About Brian

Early Life
Brian Jacques (pronounced 'jakes') was born in Liverpool, England on June 15th, 1939. Along with forty percent of the population of Liverpool, his ancestral roots are in Ireland, County Cork to be exact.

Brian grew up in the area around the Liverpool docks, where he attended St. John's School, an inner city school featuring a playground on its roof. At the age of ten, his very first day at St. John's foreshadowed his future career as an author; given an assignment to write a story about animals, he wrote a short story about a bird who cleaned a crocodile's teeth. Brian's teacher could not, and would not believe that a ten year old could write so well. When young Brian refused to falsely say that he had copied the story, he was caned as "a liar". He had always loved to write, but it was only then that he realized he had a talent for it.


"My favourite teacher was Mr. Austin Thomas. He looked like Lee Marvin. Big Man. A Captain in World War II. He came to school on a big push bike with the haversack on back. He was a man's man. Always fair. I was fourteen at the time when Mr. Thomas introduced the class to poetry and Greek literature. It was because of him, I saved seven shillings and sixpence to buy The Iliad and The Odyssey at this dusty used book shop. "

Brian's interest in poetry soon extended to Wordsworth, Tennyson, and Goldsmith. Also at an early age, Brian explored adventure stories by authors such as

Daniel Defoe
Sir Henry Rider Haggard
Arthur Conan Doyle
Sir Thomas Malory
Robert Michael Ballantyne
Robert Louis Stevenson
Edgar Rice Burroughs
Kenneth Grahame

It was also at St. John's that Brian met Alan Durband, an English teacher who would more than thirty years later forever change his life. Alan Durband also taught English to two Beatles, Paul McCartney and George Harrison.

After Brian finished school at fifteen, he set out to find adventure as a merchant seaman. He travelled to many far away ports, including New York, Valparaiso, San Francisco, and Yokohama. Tiring of the lonely life of a sailor, he returned to Liverpool where he worked as a railway fireman, a longshoreman, a long-distance truck driver, a bus driver, a boxer, a bobby (Police Constable 216D), a postmaster, and a stand-up comic.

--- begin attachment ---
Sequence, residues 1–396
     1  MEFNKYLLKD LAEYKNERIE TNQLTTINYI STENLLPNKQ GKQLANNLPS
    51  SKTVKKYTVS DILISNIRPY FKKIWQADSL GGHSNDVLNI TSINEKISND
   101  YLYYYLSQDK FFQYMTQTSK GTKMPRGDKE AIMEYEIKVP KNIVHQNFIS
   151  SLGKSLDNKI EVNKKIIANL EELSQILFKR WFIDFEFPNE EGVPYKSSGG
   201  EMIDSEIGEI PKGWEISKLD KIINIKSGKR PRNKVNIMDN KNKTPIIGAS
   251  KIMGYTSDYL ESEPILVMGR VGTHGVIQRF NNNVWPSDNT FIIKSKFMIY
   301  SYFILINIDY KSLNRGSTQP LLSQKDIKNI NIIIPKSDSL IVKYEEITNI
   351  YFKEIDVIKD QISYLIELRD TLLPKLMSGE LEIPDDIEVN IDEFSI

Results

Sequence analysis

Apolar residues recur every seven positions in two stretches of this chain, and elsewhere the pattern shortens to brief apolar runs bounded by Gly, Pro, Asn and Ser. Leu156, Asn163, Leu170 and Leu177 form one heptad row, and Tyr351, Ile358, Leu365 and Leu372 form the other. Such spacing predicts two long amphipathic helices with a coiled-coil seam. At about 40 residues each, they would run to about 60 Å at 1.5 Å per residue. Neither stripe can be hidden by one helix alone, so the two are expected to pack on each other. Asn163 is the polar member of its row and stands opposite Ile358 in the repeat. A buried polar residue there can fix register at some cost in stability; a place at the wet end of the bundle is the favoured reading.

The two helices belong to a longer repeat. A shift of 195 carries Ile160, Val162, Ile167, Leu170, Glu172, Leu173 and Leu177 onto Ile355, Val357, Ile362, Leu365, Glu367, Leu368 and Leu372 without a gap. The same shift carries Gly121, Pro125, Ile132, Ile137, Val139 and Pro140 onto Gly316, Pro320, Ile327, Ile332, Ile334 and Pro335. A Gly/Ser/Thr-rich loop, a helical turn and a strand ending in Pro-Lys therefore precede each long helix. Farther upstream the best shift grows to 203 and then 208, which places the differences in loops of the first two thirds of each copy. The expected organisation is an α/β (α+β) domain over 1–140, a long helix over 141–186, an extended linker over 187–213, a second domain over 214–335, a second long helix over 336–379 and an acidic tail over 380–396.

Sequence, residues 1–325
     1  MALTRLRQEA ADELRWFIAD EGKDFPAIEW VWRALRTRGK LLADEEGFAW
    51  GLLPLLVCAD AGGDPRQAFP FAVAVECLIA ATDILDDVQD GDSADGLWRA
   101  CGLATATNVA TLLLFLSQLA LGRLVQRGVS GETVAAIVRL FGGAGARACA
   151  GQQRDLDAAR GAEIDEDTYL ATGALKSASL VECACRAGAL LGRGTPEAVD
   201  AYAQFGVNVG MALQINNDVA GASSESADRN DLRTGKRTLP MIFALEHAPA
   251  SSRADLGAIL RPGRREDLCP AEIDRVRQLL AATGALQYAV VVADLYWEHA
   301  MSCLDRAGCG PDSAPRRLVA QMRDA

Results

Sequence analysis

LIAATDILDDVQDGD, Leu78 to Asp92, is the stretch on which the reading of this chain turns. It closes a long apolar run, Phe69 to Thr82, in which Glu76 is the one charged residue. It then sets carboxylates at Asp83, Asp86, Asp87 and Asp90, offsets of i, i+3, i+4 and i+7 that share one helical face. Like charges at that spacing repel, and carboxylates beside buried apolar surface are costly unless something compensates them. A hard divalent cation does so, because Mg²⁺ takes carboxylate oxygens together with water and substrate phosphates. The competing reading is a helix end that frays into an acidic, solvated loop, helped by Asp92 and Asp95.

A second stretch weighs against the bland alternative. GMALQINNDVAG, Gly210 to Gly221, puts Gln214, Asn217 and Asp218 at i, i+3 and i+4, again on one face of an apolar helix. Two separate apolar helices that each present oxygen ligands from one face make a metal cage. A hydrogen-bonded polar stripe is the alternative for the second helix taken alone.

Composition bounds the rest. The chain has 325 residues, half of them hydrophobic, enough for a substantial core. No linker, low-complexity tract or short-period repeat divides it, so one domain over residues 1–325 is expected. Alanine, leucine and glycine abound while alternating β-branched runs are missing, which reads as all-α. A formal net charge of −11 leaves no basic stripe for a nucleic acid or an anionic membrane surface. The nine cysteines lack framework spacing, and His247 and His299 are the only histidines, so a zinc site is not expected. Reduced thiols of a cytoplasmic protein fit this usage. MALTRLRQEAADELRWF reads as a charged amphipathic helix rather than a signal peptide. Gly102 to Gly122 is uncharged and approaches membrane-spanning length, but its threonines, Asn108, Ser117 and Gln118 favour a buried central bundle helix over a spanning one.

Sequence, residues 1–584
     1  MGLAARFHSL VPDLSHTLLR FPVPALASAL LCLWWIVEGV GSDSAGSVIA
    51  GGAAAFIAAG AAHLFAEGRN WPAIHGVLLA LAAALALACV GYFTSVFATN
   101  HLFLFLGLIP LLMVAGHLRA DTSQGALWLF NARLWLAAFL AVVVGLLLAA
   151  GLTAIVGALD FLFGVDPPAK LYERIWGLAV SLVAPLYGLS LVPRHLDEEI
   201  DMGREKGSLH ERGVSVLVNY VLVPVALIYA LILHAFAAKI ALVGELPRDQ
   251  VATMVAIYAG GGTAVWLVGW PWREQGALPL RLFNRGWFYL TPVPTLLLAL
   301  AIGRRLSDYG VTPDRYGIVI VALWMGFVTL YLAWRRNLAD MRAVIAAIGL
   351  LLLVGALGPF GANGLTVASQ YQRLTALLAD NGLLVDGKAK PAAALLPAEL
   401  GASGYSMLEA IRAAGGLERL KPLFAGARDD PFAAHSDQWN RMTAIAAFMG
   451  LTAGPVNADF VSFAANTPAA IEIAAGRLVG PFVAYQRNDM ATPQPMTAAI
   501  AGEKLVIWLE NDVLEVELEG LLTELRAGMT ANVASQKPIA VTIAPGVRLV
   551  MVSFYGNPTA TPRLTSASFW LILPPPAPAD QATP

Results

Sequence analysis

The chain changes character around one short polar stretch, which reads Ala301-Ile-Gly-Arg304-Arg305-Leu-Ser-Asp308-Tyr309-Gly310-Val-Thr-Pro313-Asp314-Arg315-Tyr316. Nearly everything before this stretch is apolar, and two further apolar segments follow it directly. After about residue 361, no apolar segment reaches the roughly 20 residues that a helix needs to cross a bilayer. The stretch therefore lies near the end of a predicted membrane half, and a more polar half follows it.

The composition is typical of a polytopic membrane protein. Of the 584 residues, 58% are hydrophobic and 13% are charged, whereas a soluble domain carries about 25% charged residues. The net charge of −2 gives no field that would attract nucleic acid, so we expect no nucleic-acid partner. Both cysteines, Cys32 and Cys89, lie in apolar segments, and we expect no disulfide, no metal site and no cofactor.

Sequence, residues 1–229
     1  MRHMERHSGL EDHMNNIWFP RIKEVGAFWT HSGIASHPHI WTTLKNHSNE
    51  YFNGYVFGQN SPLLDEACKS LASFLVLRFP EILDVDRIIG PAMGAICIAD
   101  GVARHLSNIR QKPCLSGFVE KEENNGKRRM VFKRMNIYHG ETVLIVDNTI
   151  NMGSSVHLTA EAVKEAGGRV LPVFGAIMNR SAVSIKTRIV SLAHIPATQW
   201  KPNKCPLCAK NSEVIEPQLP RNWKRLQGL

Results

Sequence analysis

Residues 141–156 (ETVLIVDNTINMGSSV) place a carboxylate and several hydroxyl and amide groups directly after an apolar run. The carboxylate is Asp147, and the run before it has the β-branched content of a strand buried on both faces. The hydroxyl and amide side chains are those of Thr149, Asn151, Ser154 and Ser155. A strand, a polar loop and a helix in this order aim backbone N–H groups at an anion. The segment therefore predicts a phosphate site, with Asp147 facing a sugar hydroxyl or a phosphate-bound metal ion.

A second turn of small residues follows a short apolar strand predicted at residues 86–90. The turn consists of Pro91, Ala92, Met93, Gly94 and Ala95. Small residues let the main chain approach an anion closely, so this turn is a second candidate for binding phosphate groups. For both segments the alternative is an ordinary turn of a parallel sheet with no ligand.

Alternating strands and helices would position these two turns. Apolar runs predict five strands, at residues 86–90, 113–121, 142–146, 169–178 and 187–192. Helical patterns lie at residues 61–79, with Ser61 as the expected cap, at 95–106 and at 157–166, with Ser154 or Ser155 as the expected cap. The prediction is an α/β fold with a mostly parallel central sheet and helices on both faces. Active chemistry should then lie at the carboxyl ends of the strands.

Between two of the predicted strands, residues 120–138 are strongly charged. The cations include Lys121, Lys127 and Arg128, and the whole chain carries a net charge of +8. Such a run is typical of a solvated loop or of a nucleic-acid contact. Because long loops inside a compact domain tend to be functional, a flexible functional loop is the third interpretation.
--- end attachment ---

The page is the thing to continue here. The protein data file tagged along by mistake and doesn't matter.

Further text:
During the sixties, when The Beatles put the world spotlight on Liverpool, he and six others including his two brothers, formed a folksinging group known as The Liverpool Fishermen. Both his brothers emigrated to New Zealand. His older brother, Tony, a carpenter, lived there with his children and grandchildren, until 1998 when he passed away. His younger brother, Jimmy, returned to Britain after twelve years. Jimmy is married to Sandra, and has twin sons, Paul and Sean.

Brian has written both poetry and music, but he began his writing career in earnest as a playwright. His three stage plays "Brown Bitter", "Wet Nellies", and "Scouse" have been performed at the Everyman Theatre. 'Scouse' is a slang term for someone from Liverpool, named after the cheap, nearly meatless stew that is a staple in the traditional Liverpool working man's diet.


The Start of Redwall

Brian wrote Redwall for the children at the Royal Wavertree School for the Blind in Liverpool, where as a truck driver, he delivered milk. Because of the nature of his first audience, he made his style of writing as descriptive as possible, painting pictures with words so that the schoolchildren could see them in their imaginations. He remained a patron of the school until his death.

Jacques' writing gained acclaim when his childhood English teacher, Alan Durband, read Redwall, and showed it to a publisher without telling Brian. This event led to a contract for the first five books in the Redwall series, and a dedication to Alan in the front of several Redwall books.



Brian Jacques
Brian lived in Liverpool, where his two grown sons, Marc, a carpenter and bricklayer, and David, a professor of Art and a muralist, still reside. David Jacques' work can be seen in Children's hospitals, soccer stadiums, and trade union offices as far away as Germany, Mexico, and Chile (not to mention Brian's photo featured in most of his books).

Brian also ran a weekly radio show on BBC Radio Merseyside, until October 2006, where he shared his comedy and wit, and played his favourites from the world of opera - he was a veritable expert on The Three Tenors.

When he was wasn't writing, Brian enjoyed walking his dog 'Teddy', a white West Highland Terrier, and completing crossword puzzles. When he found time he read the works of Mario Puzo, Damon Runyon, Richard Condon, Larry McMurty, and P.G. Wodehouse. He was also known to cook an impressive version of his favourite dish, spaghetti and meatballs.

Sadly, Brian passed away on the 5th February 2011.